Don’t let the fear of turning students off keep you from teaching and challenging them with God’s word.
Sometimes, we may think that keeping things simple will keep students happier.
The overall message of Jesus was simple – love God and love people and he showed us practical ways to do this.
But Jesus wasn’t simple. He confused his disciples nearly every time he taught. He was always explaining later.
He didn’t hold back in his expectation of what it meant to be a disciple. Leave it all, pick up the cross, and follow me.
He didn’t sugarcoat the truth. In fact, he told them they would have trouble in this life – and they did!
And all of this attracted them. They stayed with him and the message of hope rested on them.
As the U.S. culture continually shifts away from the Christian foundation, we need more than ever to equip people of faith. As far as student ministry goes, they need to know the Word, but they also need to be challenged by it, wrestle with it and dive into the things that may not be all that much fun to teach.
How are you challenging your students with God’s word? How are you equipping them to not only learn but to internalize what they are learning by wrestling with it?
Here are some thoughts:
Don’t brush over messy details
Every hero in the Bible dealt with sin and struggle. Some have argued that one of the reason we can believe in the Bible is that the writers didn’t try to make it look better than it was. There wasn’t a perfect leader. All of them – Moses, Noah, Issac, Joseph, Peter, David, Paul – at various points in their lives were murderers, adulterers, liars, cheaters, and the list goes on. Yet God still used them. Don’t be afraid of the messy story.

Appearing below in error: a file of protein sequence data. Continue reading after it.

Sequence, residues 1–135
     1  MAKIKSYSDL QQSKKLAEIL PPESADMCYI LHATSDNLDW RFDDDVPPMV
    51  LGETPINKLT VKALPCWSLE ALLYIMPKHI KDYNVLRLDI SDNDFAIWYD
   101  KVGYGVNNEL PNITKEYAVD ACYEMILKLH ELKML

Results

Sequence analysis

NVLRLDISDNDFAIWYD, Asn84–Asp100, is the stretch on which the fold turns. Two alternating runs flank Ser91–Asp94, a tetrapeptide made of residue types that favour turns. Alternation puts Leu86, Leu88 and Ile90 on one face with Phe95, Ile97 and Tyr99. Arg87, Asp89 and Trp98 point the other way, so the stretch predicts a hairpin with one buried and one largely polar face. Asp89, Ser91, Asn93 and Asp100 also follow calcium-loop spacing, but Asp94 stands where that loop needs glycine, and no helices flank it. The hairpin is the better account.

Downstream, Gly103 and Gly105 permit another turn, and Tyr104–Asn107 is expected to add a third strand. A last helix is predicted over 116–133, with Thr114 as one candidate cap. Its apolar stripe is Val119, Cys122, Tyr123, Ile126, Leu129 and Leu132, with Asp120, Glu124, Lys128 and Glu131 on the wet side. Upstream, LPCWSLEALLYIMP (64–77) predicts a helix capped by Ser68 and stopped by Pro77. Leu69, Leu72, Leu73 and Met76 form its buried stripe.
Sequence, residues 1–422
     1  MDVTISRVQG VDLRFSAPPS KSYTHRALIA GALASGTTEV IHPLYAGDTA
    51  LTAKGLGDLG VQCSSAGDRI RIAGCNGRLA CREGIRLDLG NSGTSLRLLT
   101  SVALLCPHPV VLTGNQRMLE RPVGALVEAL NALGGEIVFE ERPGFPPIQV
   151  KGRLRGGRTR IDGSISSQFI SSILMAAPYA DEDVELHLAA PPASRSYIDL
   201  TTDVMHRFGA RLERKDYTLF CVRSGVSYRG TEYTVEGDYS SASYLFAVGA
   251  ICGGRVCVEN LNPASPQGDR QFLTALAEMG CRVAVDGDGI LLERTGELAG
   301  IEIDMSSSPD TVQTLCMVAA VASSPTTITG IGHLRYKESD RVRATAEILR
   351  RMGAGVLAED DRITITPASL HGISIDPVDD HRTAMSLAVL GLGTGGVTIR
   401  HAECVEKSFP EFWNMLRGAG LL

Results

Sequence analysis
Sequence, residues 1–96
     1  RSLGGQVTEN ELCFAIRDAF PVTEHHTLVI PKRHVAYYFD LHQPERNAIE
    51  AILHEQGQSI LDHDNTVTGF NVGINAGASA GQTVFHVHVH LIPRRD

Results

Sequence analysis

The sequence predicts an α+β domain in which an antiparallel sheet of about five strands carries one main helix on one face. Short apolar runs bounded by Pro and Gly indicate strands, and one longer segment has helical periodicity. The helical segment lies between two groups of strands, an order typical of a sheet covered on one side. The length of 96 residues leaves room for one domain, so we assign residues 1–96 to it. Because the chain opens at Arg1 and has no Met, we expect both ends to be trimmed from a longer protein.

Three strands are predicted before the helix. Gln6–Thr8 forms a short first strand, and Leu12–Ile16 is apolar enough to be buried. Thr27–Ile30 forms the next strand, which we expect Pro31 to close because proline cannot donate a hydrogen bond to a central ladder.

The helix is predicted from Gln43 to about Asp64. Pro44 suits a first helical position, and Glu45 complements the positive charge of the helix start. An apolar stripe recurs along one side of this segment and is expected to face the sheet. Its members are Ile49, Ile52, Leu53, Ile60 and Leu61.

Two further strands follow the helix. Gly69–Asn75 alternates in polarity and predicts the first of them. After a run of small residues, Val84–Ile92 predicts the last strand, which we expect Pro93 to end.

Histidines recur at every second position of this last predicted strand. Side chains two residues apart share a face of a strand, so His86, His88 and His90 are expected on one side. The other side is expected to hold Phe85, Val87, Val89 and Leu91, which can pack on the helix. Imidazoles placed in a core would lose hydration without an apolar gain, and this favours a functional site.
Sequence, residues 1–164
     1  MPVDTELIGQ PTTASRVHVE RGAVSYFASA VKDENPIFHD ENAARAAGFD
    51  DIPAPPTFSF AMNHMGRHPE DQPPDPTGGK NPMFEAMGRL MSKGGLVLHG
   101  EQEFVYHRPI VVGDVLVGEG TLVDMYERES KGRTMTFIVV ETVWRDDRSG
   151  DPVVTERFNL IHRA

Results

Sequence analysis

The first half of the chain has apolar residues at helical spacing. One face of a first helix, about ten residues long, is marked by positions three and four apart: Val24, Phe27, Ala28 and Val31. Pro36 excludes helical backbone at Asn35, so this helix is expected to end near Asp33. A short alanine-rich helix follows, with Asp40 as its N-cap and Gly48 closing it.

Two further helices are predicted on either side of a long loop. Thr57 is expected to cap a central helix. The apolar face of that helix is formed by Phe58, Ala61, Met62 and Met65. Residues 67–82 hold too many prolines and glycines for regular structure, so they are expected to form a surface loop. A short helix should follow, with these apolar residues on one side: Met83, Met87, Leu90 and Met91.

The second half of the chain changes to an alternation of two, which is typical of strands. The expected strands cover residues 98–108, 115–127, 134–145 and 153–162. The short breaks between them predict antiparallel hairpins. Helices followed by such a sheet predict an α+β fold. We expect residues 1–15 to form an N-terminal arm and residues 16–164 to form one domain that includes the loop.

Don’t dismiss doubt
Faith and doubt can be friends. We must create a place to share doubts without being judged. I like what Kara Powell says:
“Perhaps it isn’t doubt that’s toxic to faith, but silence. In order for families to grow with one another, they need to create an atmosphere where faith is something that can be discussed—and where doubts can be shared without fear.”
Don’t hold back
Lovingly confront students. Set expectations and challenge them. Be encouraging, but don’t be afraid to ask tough, spiritual questions. These can be turning points in a student’s life. Keep your conversation seasoned with the invitation of Jesus – to love God with all your heart, mind, soul and strength and to love others.
Keep praying for the next generation.
I’m praying for you!
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